Hands down, chips and dip are the best entertainment foods to ever exist. This fact can be confirmed in an instant by any grocery shopper strolling down the chip isle on Super Bowl Sunday or New Year's Eve. However, you may want to hold off on buying those standard salsas or dips at the store—especially if you own a food processor.
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A food processor is all you need to recreate any dip imaginable, whether it be textured, creamy, spicy, cheesy, nutty, or sweet. So whether you're looking to save money, add more flavor to your humdrum dips, or are feeling adventurous, you should give making your own dips a try—it literally takes less than 5 minutes, regardless of what you're making.
Hummus is a Middle Eastern chickpea-based dip with a creamy texture and a bright, nutty taste that is to die for. Chickpeas will pair well with just about any roasted vegetable purée or spice including garlic, roasted red pepper, and sun dried tomato.
The Kitchn has a detailed post that will teach you how to make hummus at home. Before you know it, your food processor will become a hummus machine, and you will be enjoying it as a dip for vegetables, chips, pita bread, or even as a salad topping.
Pesto is a sauce made of basil leaves, pine nuts, garlic, Parmesan cheese, and olive oil. A food processor is an excellent tool for emulsifying these fresh ingredients together to create a sauce for dipping or tossing in with salads, pastas, or rice dishes. Sally's Baking Addiction features a simple, easy-to-follow recipe for a delightful basil pesto.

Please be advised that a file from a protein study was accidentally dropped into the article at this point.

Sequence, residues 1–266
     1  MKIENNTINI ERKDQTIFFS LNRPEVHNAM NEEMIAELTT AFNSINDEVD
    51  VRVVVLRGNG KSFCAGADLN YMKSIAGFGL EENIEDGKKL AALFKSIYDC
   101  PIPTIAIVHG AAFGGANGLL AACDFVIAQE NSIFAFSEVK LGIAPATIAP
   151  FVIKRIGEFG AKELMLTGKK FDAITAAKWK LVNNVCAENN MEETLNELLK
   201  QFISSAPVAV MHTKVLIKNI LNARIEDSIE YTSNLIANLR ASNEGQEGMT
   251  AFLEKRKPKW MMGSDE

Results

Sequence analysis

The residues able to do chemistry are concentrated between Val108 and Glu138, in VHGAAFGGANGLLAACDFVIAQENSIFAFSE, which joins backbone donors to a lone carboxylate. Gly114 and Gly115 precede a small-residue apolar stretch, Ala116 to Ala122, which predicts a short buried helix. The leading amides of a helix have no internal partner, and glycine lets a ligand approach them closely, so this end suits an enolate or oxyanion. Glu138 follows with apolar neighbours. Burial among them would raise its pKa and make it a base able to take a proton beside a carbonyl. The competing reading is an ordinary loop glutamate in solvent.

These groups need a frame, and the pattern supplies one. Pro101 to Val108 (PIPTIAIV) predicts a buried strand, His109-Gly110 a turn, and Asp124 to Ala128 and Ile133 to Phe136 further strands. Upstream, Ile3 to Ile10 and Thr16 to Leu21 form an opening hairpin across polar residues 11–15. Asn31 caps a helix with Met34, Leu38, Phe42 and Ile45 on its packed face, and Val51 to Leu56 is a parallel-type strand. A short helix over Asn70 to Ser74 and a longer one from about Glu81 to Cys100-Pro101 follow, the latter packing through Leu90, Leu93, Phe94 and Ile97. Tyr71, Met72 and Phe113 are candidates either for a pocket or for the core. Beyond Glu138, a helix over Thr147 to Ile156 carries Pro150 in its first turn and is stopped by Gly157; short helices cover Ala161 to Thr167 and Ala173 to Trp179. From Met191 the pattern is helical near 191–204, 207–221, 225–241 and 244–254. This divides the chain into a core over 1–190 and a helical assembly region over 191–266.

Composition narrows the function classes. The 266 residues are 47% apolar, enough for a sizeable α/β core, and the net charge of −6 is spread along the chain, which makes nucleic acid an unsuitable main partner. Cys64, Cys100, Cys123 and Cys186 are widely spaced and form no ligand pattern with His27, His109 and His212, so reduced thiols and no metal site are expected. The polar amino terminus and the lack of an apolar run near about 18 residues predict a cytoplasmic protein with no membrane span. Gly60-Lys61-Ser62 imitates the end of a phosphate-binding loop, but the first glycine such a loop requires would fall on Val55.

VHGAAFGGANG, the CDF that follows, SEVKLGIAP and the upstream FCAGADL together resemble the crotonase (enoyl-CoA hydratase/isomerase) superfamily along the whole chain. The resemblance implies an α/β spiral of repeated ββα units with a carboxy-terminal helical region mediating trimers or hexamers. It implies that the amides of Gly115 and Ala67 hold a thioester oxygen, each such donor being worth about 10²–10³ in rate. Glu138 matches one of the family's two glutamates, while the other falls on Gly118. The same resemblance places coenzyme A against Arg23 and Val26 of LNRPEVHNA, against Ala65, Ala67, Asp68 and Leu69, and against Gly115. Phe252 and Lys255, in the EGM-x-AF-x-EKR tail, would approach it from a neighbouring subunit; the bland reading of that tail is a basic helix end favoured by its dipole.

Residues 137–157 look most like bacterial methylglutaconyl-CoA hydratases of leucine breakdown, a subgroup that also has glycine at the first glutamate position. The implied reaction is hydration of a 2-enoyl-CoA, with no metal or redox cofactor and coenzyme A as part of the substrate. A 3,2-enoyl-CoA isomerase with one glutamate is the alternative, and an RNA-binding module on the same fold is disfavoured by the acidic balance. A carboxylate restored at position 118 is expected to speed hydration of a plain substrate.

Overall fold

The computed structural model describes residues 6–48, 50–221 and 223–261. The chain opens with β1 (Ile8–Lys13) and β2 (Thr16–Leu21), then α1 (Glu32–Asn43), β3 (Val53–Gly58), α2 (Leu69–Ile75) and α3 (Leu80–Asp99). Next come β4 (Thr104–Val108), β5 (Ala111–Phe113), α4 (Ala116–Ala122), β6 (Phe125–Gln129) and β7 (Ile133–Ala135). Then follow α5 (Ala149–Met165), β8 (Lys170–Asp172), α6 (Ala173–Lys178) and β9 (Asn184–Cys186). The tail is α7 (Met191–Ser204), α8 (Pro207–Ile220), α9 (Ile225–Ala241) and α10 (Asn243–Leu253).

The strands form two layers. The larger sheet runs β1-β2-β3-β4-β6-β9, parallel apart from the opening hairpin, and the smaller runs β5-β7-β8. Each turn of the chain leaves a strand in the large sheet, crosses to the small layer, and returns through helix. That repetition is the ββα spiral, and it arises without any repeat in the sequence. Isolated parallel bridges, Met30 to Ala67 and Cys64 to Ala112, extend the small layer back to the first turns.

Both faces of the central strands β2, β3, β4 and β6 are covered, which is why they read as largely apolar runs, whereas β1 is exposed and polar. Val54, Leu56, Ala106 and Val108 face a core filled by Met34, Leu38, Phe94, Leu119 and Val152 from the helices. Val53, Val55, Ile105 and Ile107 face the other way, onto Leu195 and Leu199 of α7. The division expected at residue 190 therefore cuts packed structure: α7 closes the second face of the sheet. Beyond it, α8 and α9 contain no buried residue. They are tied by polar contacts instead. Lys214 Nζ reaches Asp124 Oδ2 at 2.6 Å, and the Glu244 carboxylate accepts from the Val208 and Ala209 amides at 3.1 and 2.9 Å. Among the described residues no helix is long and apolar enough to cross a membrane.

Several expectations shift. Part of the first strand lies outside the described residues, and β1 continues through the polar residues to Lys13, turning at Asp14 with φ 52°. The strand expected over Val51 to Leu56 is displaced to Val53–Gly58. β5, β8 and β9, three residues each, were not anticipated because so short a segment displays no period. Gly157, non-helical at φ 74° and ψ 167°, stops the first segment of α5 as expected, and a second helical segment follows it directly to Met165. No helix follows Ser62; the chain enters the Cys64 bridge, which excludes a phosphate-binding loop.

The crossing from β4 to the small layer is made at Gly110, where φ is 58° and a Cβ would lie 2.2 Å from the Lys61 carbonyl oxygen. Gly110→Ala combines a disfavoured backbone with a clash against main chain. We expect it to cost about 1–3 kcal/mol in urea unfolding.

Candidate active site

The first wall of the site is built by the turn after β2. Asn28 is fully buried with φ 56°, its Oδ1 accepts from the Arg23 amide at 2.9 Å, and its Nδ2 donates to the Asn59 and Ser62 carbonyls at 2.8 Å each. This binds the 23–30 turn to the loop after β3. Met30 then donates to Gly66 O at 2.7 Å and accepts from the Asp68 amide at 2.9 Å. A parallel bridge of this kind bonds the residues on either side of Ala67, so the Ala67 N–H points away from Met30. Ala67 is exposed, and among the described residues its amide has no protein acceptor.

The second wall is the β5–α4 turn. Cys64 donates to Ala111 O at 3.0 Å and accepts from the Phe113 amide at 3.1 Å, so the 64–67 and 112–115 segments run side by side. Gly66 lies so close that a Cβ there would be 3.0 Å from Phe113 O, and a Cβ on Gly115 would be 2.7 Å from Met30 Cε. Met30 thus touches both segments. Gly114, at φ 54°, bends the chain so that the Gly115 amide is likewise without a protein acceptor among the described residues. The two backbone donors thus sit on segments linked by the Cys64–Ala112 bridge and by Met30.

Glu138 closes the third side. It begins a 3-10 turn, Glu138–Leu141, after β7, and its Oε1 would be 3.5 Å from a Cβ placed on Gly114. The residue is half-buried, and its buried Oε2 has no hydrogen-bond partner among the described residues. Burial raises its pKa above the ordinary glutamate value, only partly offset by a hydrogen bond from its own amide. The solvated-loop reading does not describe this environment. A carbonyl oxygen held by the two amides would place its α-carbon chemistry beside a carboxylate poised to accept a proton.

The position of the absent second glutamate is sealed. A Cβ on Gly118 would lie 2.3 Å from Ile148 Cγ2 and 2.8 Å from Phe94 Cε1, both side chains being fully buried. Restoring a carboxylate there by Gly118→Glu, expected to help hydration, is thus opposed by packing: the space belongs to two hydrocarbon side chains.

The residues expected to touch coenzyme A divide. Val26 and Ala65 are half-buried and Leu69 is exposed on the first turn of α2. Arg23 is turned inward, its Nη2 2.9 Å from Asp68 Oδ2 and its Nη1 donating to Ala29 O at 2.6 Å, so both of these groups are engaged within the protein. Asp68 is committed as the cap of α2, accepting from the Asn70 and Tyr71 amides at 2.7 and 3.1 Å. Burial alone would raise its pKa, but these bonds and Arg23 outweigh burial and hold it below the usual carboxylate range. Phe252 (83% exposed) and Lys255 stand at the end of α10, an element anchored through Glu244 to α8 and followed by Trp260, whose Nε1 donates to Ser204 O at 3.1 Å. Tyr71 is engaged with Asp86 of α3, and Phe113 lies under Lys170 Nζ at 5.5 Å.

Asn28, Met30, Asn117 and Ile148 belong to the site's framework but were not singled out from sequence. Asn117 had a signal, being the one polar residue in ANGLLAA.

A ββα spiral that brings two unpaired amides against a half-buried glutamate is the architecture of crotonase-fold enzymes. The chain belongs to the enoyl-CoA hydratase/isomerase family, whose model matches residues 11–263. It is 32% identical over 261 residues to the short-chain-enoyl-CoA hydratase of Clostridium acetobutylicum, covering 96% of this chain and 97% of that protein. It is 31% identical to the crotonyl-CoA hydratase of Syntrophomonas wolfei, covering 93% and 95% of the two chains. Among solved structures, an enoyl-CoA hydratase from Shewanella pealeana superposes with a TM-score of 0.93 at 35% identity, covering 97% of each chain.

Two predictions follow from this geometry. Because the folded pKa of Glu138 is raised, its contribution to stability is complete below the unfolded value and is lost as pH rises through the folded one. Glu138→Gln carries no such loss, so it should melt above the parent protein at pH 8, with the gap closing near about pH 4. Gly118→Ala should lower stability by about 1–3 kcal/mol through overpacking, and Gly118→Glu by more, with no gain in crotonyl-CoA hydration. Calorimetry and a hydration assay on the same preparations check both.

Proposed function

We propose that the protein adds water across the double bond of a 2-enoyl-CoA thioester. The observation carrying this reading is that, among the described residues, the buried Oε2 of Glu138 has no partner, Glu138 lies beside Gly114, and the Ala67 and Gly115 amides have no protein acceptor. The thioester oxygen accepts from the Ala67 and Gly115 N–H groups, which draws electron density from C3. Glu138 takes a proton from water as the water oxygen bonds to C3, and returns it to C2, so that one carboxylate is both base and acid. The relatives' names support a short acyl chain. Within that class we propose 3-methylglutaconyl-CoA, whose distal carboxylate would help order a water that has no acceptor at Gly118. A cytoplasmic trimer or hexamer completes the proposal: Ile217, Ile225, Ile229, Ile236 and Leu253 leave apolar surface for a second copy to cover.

There's no longer a need to go out for Mexican food to eat fresh salsa. Gimme Some Oven has a recipe for an effortless restaurant-style fresh salsa that can be made using a food processor.
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If you're a fan of guacamole, then you've got to try this creamy avocado dip by Not Enough Cinnamon. This recipe blends cream cheese with avocados to produce an extra-velvety texture and deep, rich flavor.
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Olive tapenade is an easy to make appetizer that is perfect on toast or crackers and is guaranteed to impress party guests. It can be made as either a chunky dip or a smooth spread depending on how long you process it. Vanilla and Bean's recipe pacts a perfectly salty and garlic punch that pairs perfectly with an elegant cocktail at your next cocktail party.
Host the Toast has a recipe for a creamy, yet crumbly-textured dip that functions as an excellent snack or party dip. It's light, yet rich and very addictive. (Pro tip: to cut the calories, you can substitute tofu for feta.)
Little Spice Jar veered from classic parsley and garlic chimichurri and created a herbaceous sauce with cilantro, lemon juice, and scallions that can be made in just 5 minutes using a food processor.
After roasting sweet, ripe squash to a nearly caramelized state, you can combine it with a soft cheese in a food processor to make a fall and winter seasonal dip. How Sweet Eats has an easy-to-follow recipe for butternut squash goat cheese dip perfect for dipping vegetables or pita bread.
Eggplant dip, commonly known as baba ghanoush, is a Levantine dip that can be made at home in a food processor with just an eggplant, tahini, olive oil, and a few spices. Smitten Kitchen came up with a smoky eggplant dip made by charring the skin of an eggplant before processing for an earthy, full-bodied flavor.